Purchasers of private companies sadly often feel that they have been sold a pup, but making such an assertion is a great deal easier than proving it. That was certainly so in a case concerning the acquisition of a commercial lettings agency in which the High Court considered the inner workings of internet property platforms.
The agency provided services to residential landlords, primarily online. One of those services was a facility that enabled private landlords to advertise their properties for rent on various well-known online property platforms. The agency was able to provide that facility as a fee-paying member of the platforms.
By a share purchase agreement (SPA), two individuals agreed to buy the agency's entire issued share capital. However, they later refused to pay a deferred sum under the SPA. The sellers launched proceedings to recover that sum but the claim was resisted by the buyers, who counterclaimed damages from the sellers, alleging breach of warranty and misrepresentation.
The buyers' principal complaint was based on an assertion that the platforms do not permit their websites to be used by members, such as the agency, for the purpose of advertising lettings on behalf of other commercial operators. The buyers accepted that the sellers had informed them of the existence of those restrictions. However, they said that they were not told that the agency was operating in breach of them. Had they been aware of the true position and its serious financial implications, the buyers said that they would not have entered into the SPA.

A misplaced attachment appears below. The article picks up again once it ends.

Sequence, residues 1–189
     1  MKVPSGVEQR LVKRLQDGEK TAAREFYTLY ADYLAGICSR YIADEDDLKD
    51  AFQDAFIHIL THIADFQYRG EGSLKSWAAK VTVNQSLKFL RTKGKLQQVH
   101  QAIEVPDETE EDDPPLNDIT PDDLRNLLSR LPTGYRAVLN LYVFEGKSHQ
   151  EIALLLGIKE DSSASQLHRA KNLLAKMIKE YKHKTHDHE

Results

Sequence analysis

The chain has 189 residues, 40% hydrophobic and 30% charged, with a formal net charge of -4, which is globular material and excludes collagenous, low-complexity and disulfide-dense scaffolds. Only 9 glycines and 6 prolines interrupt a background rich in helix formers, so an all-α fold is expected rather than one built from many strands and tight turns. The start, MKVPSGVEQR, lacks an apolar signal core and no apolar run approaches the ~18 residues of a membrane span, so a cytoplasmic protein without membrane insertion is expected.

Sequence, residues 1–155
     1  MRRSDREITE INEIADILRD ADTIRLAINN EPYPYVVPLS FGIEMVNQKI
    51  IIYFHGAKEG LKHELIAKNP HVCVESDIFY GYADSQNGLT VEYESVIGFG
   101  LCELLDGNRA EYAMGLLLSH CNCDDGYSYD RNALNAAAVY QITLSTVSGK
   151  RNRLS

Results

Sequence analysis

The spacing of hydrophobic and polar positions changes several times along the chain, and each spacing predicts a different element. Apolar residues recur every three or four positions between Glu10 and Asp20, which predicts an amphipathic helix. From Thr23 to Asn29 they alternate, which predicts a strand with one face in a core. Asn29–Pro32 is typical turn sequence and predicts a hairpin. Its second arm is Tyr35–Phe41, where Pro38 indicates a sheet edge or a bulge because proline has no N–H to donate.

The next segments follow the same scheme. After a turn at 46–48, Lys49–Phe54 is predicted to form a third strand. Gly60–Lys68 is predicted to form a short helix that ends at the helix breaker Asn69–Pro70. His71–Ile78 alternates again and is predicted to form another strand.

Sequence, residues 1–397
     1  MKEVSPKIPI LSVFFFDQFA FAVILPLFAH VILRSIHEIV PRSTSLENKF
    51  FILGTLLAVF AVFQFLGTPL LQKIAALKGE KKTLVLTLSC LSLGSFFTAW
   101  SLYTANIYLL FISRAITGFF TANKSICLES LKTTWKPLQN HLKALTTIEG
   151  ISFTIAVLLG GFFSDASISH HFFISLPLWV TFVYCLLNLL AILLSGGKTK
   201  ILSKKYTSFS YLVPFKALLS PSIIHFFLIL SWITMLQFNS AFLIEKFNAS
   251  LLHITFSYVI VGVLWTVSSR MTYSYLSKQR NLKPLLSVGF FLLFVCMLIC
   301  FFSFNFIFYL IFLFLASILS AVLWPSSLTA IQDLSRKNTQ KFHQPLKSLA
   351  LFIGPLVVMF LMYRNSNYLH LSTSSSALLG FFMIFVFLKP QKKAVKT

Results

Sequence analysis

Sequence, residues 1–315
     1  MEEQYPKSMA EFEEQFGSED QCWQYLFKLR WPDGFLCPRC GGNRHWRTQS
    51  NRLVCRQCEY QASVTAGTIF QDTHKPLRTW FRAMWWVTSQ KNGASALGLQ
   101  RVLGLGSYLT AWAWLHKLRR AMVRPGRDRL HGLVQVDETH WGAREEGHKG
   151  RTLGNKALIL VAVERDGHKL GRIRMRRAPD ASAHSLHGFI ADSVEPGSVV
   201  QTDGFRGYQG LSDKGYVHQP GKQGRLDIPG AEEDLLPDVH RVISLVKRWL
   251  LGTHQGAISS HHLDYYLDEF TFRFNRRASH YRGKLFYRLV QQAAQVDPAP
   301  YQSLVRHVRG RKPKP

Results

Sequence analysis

Following a preliminary hearing, however, the Court found nothing in the contractual arrangements between the agency and the platforms that imposed the restrictions alleged. The terms of the agency's membership of the platforms contained no clearly expressed ban on placing adverts on behalf of other commercial lettings agents.
The Court acknowledged that the platforms may not be happy if their fee structures were bypassed by the placing of such adverts. However, it was no part of the Court's role to enquire into the platforms' business models or commercial motives. It was not for the Court to rewrite contracts or to impose on parties to them terms that it might consider reasonable.
The Court granted the sellers a declaration that the buyers had no real prospect of showing that the agency was, when the SPA was signed, prohibited from placing adverts on the platforms on behalf of other commercial lettings agents. Summary judgment was entered against the buyers on that issue and another relating to a warranty in the SPA. Further issues in the case would be considered at the full trial of the action.